C-41 and ECP-2D with only a developer switch?

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ajseier

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I normally shoot Ektar 100 in 120, but I do love projecting my 35mm slides.

So I was thinking, when I want to make slides, maybe I can just put my 6x9 negatives in some sort of carrier for my Nikon N90s, and strike the slides I want from the negatives onto 35mm Vision Premier Color Print Film. Along the way I realized how cheap the C-41 chemicals are, and thought that I might be able to run both processes (C-41 and ECP-2D) using the same bleach, fixer, and if necessary for both, "final rinse". I would be mixing my own ECP developer from the Kodak recipe right before I use it: I know it's not too shelf-stable.

Sounds to me like a great setup, at least in theory. I would be able to develop my negatives, look them over, and strike slides from them in the same day (ATL-2 makes it easy).

My question is, can I use the C-41 bleach, fix, and final rinse for ECP-2D?
Also, should there be a stop bath after development in one process, both, or neither?
And if anyone has experience exposing Vision Premier Color Print Film, your exposure settings please. Thanks!
 

Rudeofus

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A stop bath is recommended for C41 and apparently also ECP-2D. The bleach recipes for ECP-2D include two versions of an Ammonium Ferric PDTA bleach which sounds like what Flexicolor Bleach III for C41 uses. One big difference I see is fixer pH for ECP-2D vs. C41, so in theory a C41 fixer would need some extra Acetic Acid to get its pH down from 6.5 to 5.8, otherwise you risk off colors.
 

AgX

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Cine print film is intended for cine camera negative film that has lower contrast than still negative film.
So your slides would yield more contrast than a reversal processed slide film or a copy on, now obsolete, still print film.
 
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ajseier

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One big difference I see is fixer pH for ECP-2D vs. C41, so in theory a C41 fixer would need some extra Acetic Acid to get its pH down from 6.5 to 5.8, otherwise you risk off colors.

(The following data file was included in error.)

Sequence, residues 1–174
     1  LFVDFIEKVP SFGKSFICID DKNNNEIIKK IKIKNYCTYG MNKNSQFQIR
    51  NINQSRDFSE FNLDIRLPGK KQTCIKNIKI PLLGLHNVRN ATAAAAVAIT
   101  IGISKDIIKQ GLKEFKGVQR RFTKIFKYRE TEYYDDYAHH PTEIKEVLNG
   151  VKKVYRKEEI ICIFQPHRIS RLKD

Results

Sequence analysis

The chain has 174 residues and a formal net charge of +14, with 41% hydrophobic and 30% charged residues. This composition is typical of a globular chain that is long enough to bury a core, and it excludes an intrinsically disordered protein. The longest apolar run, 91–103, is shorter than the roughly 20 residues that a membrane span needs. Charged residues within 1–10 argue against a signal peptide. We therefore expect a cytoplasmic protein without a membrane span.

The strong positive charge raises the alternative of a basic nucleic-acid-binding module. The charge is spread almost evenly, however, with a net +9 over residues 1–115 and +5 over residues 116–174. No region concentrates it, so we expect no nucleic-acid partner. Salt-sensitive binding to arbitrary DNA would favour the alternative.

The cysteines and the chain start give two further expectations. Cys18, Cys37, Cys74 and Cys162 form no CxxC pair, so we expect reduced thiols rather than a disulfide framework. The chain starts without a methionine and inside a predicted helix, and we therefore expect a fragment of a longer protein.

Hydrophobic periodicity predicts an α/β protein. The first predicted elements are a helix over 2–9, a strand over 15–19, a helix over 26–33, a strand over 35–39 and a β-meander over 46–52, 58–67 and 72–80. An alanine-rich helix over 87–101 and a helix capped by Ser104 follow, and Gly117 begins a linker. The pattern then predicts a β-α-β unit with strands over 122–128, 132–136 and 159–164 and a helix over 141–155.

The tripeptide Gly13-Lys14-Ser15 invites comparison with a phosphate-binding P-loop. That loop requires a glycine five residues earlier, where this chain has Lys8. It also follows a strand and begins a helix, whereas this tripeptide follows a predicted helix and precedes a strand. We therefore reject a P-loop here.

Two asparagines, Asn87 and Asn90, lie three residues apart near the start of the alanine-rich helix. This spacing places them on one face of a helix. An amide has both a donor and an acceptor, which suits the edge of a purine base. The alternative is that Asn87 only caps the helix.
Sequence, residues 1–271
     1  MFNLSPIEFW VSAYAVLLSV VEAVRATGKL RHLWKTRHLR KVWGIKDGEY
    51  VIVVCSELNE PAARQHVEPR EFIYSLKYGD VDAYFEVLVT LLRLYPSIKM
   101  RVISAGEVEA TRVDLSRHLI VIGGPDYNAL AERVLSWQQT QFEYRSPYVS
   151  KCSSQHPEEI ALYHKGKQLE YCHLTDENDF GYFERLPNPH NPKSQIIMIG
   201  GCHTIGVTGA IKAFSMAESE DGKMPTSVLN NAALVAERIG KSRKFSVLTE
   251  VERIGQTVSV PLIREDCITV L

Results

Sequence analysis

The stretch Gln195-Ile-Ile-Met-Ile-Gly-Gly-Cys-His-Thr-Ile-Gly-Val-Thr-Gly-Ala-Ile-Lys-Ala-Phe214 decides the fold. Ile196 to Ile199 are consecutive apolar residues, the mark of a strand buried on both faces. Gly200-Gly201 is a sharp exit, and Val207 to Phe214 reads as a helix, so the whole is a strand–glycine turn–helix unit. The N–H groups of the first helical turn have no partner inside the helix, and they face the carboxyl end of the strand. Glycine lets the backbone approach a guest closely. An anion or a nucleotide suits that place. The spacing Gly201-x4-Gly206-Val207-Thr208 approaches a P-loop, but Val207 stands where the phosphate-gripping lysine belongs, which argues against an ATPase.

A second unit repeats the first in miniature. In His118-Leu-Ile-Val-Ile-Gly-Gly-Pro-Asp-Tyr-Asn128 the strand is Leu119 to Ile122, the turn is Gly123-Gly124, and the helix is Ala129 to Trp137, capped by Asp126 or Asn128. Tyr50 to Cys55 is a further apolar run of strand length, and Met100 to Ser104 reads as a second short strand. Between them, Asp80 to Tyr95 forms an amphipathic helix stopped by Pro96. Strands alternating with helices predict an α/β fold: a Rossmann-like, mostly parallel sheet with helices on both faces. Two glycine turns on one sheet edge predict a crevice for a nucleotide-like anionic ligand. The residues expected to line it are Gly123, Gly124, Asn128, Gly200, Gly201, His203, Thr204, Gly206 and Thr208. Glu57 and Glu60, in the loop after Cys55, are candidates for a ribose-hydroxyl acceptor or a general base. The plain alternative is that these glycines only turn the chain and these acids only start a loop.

Silly me, I forgot about pH. That being said however, why does a fixer pH difference cause color shift? I've heard of that happening with developer, but not with fixer.

Cine print film is intended for cine camera negative film that has lower contrast than still negative film.
So your slides would yield more contrast than a reversal processed slide film or a copy on, now obsolete, still print film.

When you say higher contrast how much higher are we talking? Do you have contrast specs for e.g. Ektar 100 and Kodak 5207?
Because when I look at the sensitometric curves for these two, I'm seeing a Dmax-Dmin of about 2.8 and 2.6 respectively; for about 14 stops of dynamic range each. I could be wrong though.
 

Athiril

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Silly me, I forgot about pH. That being said however, why does a fixer pH difference cause color shift? I've heard of that happening with developer, but not with fixer.



When you say higher contrast how much higher are we talking? Do you have contrast specs for e.g. Ektar 100 and Kodak 5207?
Because when I look at the sensitometric curves for these two, I'm seeing a Dmax-Dmin of about 2.8 and 2.6 respectively; for about 14 stops of dynamic range each. I could be wrong though.

Here is a curve comparison
2nlwx10.jpg
 

Rudeofus

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Silly me, I forgot about pH. That being said however, why does a fixer pH difference cause color shift? I've heard of that happening with developer, but not with fixer.
You mix up two separate effects that can change colors:
  1. If the three layers are developed at incorrect rates (incorrect pH will do that to you), layer density is not in lock step and colors will be off. Note that because of this even the E6 FD, which technically is a strong b&w developer, can have impact on slide colors.
  2. Dyes change their color hue depending on whether they are protonized or not, and different pH changes the degree of protonization. Indicator dyes are examples where this is particularly pronounced, but I hear that most dyes show this effect. Since fixer is the last bath that has significant concentration (hence buffering), its pH seems to be quite important.
 
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ajseier